Welsh Journals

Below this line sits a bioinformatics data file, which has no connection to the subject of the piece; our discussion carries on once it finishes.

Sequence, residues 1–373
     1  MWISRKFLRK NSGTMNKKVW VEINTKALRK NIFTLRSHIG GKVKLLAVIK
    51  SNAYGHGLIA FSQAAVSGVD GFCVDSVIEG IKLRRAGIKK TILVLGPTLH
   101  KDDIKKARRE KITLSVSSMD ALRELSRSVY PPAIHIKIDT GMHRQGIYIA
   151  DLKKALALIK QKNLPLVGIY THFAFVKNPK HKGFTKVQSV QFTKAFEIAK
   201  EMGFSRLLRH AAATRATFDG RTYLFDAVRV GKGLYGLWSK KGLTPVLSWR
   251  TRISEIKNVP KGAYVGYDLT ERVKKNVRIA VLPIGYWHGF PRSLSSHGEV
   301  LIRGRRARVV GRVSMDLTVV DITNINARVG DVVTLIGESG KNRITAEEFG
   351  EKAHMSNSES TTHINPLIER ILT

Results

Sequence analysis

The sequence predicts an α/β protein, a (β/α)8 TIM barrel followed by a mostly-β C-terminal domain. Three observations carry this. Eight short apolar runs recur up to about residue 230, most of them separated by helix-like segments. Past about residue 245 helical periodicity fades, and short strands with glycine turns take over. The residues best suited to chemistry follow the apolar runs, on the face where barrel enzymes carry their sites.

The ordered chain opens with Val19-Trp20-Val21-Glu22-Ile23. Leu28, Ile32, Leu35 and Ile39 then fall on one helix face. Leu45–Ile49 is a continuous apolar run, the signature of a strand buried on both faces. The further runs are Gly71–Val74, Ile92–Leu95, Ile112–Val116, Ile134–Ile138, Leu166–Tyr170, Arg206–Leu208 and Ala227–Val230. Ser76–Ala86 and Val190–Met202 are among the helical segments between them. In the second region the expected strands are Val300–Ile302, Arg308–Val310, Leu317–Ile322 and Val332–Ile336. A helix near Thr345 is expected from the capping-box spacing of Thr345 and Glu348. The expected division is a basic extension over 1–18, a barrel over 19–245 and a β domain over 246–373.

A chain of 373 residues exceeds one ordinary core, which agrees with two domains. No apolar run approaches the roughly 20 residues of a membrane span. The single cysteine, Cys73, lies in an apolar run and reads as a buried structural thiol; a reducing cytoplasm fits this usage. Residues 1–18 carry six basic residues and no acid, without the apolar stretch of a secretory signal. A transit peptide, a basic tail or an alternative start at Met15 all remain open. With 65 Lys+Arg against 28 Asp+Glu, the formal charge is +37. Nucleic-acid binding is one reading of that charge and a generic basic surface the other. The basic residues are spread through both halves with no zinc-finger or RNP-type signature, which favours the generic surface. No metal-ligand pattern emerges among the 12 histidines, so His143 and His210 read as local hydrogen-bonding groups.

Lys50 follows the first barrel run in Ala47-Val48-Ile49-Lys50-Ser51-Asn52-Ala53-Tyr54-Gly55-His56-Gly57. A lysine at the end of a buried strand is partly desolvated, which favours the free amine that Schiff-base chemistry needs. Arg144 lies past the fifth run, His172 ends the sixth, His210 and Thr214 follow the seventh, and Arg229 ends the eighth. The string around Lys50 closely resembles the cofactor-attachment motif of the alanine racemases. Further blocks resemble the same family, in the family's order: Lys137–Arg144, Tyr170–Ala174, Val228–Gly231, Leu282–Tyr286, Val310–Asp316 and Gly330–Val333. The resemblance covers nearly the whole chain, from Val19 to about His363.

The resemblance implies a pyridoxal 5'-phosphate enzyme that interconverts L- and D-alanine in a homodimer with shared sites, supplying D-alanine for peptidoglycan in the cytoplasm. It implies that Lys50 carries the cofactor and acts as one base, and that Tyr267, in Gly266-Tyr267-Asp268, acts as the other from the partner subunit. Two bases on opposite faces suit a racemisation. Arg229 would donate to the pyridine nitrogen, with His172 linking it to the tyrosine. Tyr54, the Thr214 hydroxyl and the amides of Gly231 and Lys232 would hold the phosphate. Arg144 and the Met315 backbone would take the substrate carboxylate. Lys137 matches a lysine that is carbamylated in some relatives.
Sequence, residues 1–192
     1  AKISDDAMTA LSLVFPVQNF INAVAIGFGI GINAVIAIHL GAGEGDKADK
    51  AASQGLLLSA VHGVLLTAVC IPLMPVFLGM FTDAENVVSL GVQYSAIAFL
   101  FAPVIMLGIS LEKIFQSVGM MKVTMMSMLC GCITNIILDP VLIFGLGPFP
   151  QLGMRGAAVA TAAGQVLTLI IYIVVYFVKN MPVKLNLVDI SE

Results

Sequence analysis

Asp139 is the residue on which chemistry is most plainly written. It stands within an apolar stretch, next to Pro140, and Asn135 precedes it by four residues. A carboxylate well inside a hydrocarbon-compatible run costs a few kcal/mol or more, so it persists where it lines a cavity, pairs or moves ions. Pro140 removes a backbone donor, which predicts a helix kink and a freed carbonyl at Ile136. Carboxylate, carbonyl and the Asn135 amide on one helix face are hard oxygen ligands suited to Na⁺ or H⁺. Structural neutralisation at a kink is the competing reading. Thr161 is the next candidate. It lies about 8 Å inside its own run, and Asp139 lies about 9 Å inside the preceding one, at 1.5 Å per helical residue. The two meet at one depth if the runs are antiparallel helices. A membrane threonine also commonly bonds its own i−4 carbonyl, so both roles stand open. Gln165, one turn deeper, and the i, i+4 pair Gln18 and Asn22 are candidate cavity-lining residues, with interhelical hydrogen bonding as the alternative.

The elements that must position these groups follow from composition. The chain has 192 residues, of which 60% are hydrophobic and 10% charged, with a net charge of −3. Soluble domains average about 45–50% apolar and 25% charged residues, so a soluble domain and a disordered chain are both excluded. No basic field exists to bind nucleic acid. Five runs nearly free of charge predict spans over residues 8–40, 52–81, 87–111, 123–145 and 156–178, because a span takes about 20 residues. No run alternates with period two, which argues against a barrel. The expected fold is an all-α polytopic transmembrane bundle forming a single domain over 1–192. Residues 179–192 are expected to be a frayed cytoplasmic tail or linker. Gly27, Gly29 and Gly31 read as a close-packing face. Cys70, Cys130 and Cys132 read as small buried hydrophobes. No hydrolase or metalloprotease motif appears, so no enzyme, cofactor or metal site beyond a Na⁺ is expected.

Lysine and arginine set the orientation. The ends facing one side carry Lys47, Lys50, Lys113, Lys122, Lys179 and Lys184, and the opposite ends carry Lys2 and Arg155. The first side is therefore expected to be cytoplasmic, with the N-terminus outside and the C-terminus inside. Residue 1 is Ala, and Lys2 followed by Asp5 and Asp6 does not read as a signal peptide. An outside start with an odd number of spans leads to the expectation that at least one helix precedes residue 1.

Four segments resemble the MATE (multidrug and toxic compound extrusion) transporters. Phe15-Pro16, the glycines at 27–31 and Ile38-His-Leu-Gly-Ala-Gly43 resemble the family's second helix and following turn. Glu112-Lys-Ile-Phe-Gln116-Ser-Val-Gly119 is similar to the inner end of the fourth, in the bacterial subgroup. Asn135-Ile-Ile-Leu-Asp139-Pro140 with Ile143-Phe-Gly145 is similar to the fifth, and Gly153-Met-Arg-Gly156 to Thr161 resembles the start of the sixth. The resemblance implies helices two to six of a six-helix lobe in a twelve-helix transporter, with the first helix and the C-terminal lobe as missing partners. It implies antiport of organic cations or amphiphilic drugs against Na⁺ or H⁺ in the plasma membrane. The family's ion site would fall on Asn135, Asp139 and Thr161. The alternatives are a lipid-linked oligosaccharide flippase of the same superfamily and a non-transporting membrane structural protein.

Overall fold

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, 1879. THE CAMBRIAN REMEMBRANCER. 107 took the name of Stuart. Nest was afterwards married to Trahaern ab Caradoc, Prince of North Wales. H. Llwyd, The Old Bards.—How is it that we so seldom meet with striking pieces, such as the following in the productions of our modern bards? See how Gruffydd ab leuan ab Llewelyn Fychan addressed St. Cynhafal, in the year 1500! " Dy genad wna gnawd yn iach, Cynhafal! cwynai'n hyfach; Dod ddau bwnc, dedwydd eu bod, Erch imi ddwy arch-ammod ; Iechyd im' rhag nych, waywdwys, A'm rhoi wedi ym mharadwys." There is no reference here, it is true, to God's help, but in those days Saints could do all that was need¬ ful for man. Maelgwyn. JUNE 21st, 1879. ODDS AND ENDS. The Rev David Jones, op Holywell.—Mr Salisbury, in a letter which appeared in the ' Herald' some weeks since, on the sudden death of Mr Peter Evans, of this town, referred to the death of Mr Jones in the year 1831. I have before me a book published by that devoted man in the year 1810, entitled " Casgliad o Bum' Cant o Hymnau, yn Chwe' Khan." It was printed at Holywell, by one Edward Carnes, who, in 1798, also printed a small volume entitled "Cnewyllyn mewn Gwisg," which, if I mistake not, was the work of Robert Davies, of Nantglyn. That was, of course, before Mr Jones settled in this town, but I have heard it said that soon after he came here he employed Mr Carnes to print some religious books for him in Welsh. Can any book collector tell me what these books were; and further, how many editions of the Hymn Book mentioned above were printed at Holywell between 1810 and 1831 ? Ymofynydd. Ambrose Mostyn.—I cannot, of course, pretend to say that Nonconformity had secured a foot-hold in Flintshire in the seventeenth century, but Mr Ambrose Mostyn, a native of that county, and a member of the ancient family of his name long settled there, wai one of the earliest Nonconformists wo read of. He had been educated for the Church, and after leaving the University he preached for .<ome time in Montgomeryshire, afterwards at Holt in Denbighshire, and in 1659 he removed to Wrexham, but the cruel spirit of persecution drove him from that place. Lord Say and Seal took him and his wife into his seat in Oxfordshire, where he acted as domestic chaplain to that nobleman, and at his death he removed to Lmelon, where he died in ]6B4. The Nonconformists had a congregation at Newmarket, in this county, before the close of the century; and in 1701, Mr John Wynne, of Coppar- leny, gave them a meeting place, there. Mr Mcstyn's family had considerable estates in that neighbour¬ hood, and he possibly may have induced them to befriend the "Noncons." Beuno. Heb Dduw Heb Ddim.—A good many South Walian families, as you are aware, use these words for a motto, and I am often asked where among the " wise saws" of the Welsh this sentiment can be met with. The answer is found in a long poem attribu¬ ted to Saint Cadog, abbot of Llancarfan, far too long a piece to be copied for your use, but I may send you the termination of it, where you will find the words at the head of this note. Who the tran¬ slator was I know not. " Without feeling—without sense ; Without sense—without understanding; Without understanding—without reflection; Without reflection—without knowledge; Without knowledge—without patience; Without patience—without instruction ; Without instruction—without virtue ; Without virtue—without God ; Without God—without everything." J. Bonner. Modern Bards.—I have not seen the following in any printed book, but met with it in a volume writ¬ ten by the Eev Evan Evans, then of Chistleton, near Chester:— " Ouw sydd uchel ryfelwr, Uchel ei gamp uwchlaw gwr; E foddodd Pharo a'i fyddin, Cuchfawr blaid yn y coch-for blin." E. P. George Herbert's Sunday.—" The sweet Poet of the Temple," George Herbert was born at Mont¬ gomery Castle, and is, therefore, one of our eminent North Walians, who left his mark upon the page of history. There is no more useful book published in the English language than his "remains," nor a higher testimony to the sanctity of the Lord's Day than in his beautiful poem upon that holy hour of rest secured for us in a world of trials and sorrow. Mr Bright in one of his brilliant speeches delivered in the House of Commons, quoted the first verse of this poem, and upon that testimony of its worth, I might fairly ask you to give it a place in your columns, but the poem itself, and as the production of a very honoured Welshman, will pass it through your portals, I doubt not, and I have accordingly copied it for you. SUNDAY. "O Day most calm, most bright, The indorsement of supreme delight, Writ by a Friend, and with His blood ; The couch of time ; care's balm and bay ; The week were dark but for thy light; Thy torch doth show the way. The other days and thou Make up one man, whose face thou art, Knocking at heaven with thy brow ; The working days are the back part ; The burden of the week lies there, Making the whole to stoop and bow, Till thy release appears.